The opportunities GDPR creates

GDPR is more than ticking a legal box, it’s about taking a new approach to data, and we feel there are many opportunities available, here we’ll cover some of the main benefits.

The first of these is being able to open up conversations with customers about their data. Secondly, we’ll look at how the GDPR improves the quality of your data, and thirdly how asking for consent creates customer feedback too.

1. Enable open conversations with your customers

This legislation has come about, in part, because of concern around how data is used. As individuals, we give away a lot of personal data every day – when we shop online, when we accept email marketing, even when we’re doing something as simple as paying for car parking. Technology saves us time on everyday activities, but the price is our personal data.

This has led to an inevitable backlash, where consumers have come to mistrust companies’ use of data, due to simple fear of the unknown. What hasn’t helped is the odd sly marketing trick, pre-ticked consent boxes for example, which put customers on the back foot and make them feel like companies are trying to catch them out and pinch their data for nefarious purposes.

Of course, this isn’t the case for 99.9% of companies. Data is used to improve services, lower costs, and all sorts of legitimate reasons. GDPR is your chance to show how proud you are of your intelligent use of data, and how this benefits the customer.

As a company, you’ll hold a lot of personal data (some more than others), and many consumers are uneasy about this. But by complying with GDPR, and putting in the right protocols, you can reassure your customers, and regain trust.

GDPR means you must review the way you capture, control and process data. So why not use it to inform your customers about how you intend to approach personal data from now on? Tell your customers:

  • The records you hold about them
  • How you use personal data
  • How to opt-out

This process puts your customers back in control of their personal data. They know exactly where they stand and what they can do. Some may opt-out, but you’ll find that the ones who stay will be much happier about giving you their custom.

2. Improve the quality of your data

Once you have implemented the changes GDPR requires, you will find that the quality of your data has improved. For example, by asking customers to opt-in again, you are likely to find the most-engaged and best quality leads stay with you. Those who are truly interested in your product or service will be keener to stay subscribed.

Old data and cold leads will slip away, meaning you can concentrate on the customers who matter. Your lists may shrink, but you’ll have a streamlined list of engaged leads.

When reviewing your data, you may also find you ask for and keep data that you simply do not use. Going through the GDPR process allows you to refine what you need, holding too much data can concern your customers and pose a security risk. Remove what you never use, and you’ll find it easier to use and interpret your data as well.

3. Collect customer feedback via consent questions

One critical element of GDPR is consent, which is how you ask for personal data when a transaction or communication takes place. This needs to be freely given by the individual as well as very clear – this means you must ask specific questions which comply with GDPR, but these also help you collect and segment your data more effectively.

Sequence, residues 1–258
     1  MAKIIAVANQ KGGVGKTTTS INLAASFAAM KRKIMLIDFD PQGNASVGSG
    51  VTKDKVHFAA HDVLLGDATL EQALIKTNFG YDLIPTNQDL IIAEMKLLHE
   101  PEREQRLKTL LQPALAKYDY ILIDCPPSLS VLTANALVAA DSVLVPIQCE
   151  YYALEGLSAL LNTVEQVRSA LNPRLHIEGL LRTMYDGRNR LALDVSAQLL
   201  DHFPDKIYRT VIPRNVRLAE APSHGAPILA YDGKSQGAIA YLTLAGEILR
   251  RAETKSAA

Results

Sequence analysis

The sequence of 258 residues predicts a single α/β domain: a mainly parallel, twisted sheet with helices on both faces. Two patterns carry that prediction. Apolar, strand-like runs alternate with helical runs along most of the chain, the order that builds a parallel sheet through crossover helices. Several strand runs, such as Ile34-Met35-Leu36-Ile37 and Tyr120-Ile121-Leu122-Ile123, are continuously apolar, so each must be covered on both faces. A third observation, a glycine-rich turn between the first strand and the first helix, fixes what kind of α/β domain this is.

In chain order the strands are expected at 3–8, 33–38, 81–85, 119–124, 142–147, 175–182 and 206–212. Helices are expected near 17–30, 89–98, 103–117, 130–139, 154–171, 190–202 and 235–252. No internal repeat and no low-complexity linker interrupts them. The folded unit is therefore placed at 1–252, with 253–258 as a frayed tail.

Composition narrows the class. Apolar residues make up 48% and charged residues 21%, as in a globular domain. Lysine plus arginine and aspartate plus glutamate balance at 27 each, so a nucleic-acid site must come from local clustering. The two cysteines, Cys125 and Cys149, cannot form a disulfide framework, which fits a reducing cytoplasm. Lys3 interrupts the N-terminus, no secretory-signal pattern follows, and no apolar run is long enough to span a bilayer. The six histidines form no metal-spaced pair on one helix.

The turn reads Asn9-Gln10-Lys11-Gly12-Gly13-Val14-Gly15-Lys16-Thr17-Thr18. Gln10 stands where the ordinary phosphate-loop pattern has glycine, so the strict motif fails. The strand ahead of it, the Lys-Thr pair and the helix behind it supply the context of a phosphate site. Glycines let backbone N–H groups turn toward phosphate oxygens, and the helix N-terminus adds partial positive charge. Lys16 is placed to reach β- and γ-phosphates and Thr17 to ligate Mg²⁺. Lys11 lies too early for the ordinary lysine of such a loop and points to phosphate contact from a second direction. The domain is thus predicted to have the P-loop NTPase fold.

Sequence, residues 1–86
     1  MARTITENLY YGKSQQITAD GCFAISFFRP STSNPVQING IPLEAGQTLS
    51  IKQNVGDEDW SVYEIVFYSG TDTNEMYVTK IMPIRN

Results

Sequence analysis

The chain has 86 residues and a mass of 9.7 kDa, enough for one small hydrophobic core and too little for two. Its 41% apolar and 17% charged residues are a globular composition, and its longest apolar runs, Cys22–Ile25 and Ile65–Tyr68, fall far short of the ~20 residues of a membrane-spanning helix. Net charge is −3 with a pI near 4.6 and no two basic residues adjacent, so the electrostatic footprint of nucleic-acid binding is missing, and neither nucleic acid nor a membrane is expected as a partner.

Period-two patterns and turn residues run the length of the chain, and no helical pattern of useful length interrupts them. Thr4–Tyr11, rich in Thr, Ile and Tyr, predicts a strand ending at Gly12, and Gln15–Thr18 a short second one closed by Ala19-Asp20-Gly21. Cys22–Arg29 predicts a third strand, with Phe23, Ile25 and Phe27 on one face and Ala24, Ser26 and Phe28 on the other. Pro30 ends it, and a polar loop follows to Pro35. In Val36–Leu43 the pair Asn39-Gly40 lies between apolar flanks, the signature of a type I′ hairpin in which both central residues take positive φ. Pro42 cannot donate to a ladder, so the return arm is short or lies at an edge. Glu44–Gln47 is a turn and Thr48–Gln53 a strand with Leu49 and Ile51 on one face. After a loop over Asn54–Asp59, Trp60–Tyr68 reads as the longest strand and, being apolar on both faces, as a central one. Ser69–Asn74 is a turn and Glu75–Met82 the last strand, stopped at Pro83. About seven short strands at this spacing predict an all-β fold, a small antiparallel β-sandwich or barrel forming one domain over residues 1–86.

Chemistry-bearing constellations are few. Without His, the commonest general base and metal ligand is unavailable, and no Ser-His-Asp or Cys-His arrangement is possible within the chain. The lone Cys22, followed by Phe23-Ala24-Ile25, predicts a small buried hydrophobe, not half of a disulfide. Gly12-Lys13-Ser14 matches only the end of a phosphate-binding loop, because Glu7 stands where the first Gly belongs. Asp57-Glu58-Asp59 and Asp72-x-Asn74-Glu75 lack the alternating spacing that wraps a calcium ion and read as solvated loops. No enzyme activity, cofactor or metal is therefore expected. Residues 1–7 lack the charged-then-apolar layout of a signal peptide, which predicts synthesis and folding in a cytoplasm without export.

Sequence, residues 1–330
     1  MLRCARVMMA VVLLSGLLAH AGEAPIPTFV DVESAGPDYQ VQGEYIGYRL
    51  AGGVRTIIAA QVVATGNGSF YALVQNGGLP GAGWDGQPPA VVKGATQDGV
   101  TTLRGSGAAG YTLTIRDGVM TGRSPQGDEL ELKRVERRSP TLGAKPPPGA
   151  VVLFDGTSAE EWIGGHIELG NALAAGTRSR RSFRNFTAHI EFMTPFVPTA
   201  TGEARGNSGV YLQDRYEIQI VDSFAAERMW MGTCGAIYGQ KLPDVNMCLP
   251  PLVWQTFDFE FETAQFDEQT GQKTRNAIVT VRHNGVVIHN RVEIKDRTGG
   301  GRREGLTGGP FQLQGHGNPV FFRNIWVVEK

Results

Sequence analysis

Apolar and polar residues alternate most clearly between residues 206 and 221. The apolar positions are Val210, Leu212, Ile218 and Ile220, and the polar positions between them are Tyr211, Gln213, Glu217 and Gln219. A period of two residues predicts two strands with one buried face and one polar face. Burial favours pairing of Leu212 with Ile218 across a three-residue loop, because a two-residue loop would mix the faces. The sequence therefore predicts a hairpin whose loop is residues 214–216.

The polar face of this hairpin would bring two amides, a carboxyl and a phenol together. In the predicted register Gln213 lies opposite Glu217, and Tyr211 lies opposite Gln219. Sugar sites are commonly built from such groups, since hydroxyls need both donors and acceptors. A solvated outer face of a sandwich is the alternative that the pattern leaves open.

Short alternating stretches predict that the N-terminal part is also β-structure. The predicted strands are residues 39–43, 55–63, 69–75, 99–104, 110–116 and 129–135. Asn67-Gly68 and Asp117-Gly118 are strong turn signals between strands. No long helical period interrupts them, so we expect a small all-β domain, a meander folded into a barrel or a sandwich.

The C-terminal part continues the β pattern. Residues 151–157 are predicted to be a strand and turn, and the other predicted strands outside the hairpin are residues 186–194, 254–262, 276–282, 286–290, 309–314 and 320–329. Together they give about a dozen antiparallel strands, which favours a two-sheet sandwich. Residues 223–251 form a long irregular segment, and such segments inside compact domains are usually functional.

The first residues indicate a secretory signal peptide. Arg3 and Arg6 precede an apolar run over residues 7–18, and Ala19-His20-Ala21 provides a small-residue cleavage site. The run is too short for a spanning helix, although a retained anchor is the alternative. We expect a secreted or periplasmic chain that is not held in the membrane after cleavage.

A good way to ask for consent is by being specific and deliberate, asking the individual exactly how they would like their data to be controlled and processed. This provides the individual with control, and gives you a way to gain feedback on how people like to be contacted.

Econsultancy recently wrote an excellent piece on the topic, with many useful examples of good consent questions from leading brands. One of the most common ways to do this is by asking people if they’d like to be contacted by email, text, phone or post. Create separate questions for each medium and then analyse which most people prefer. You have consent and an instant idea of which medium to invest your marketing efforts in.

These are just three of the many opportunities GDPR brings to you as a business owner or marketer, and these benefits will also lead to other opportunities for your business.

Increased customer loyalty could help you identify brand advocates that you can work with on product development. Better data quality can also mean lower storage costs, once you remove the deadwood you’ll be saving vital server space or reducing costly Cloud storage subscriptions.

Get set for GDPR with Databoxer

If you are not on your journey to GDPR compliance, then you’ll still have a fair amount of work to do to get there. And you must be compliant by the 25 May 2018, or risk heavy fines. Plus, the earlier you get ready for GDPR, the sooner you can benefit from it – and put your mind to rest!

Databoxer provides a streamlined way for you to manage consents, and for your customers to control their data. Our compliance widget can be added to your website in minutes and integrates with major marketing platforms. It’s simple to add consent questions and all data is securely processed and stored too.

Your next steps

Seize the opportunities that GDPR brings, with Databoxer. Learn more or sign up for our beta program today.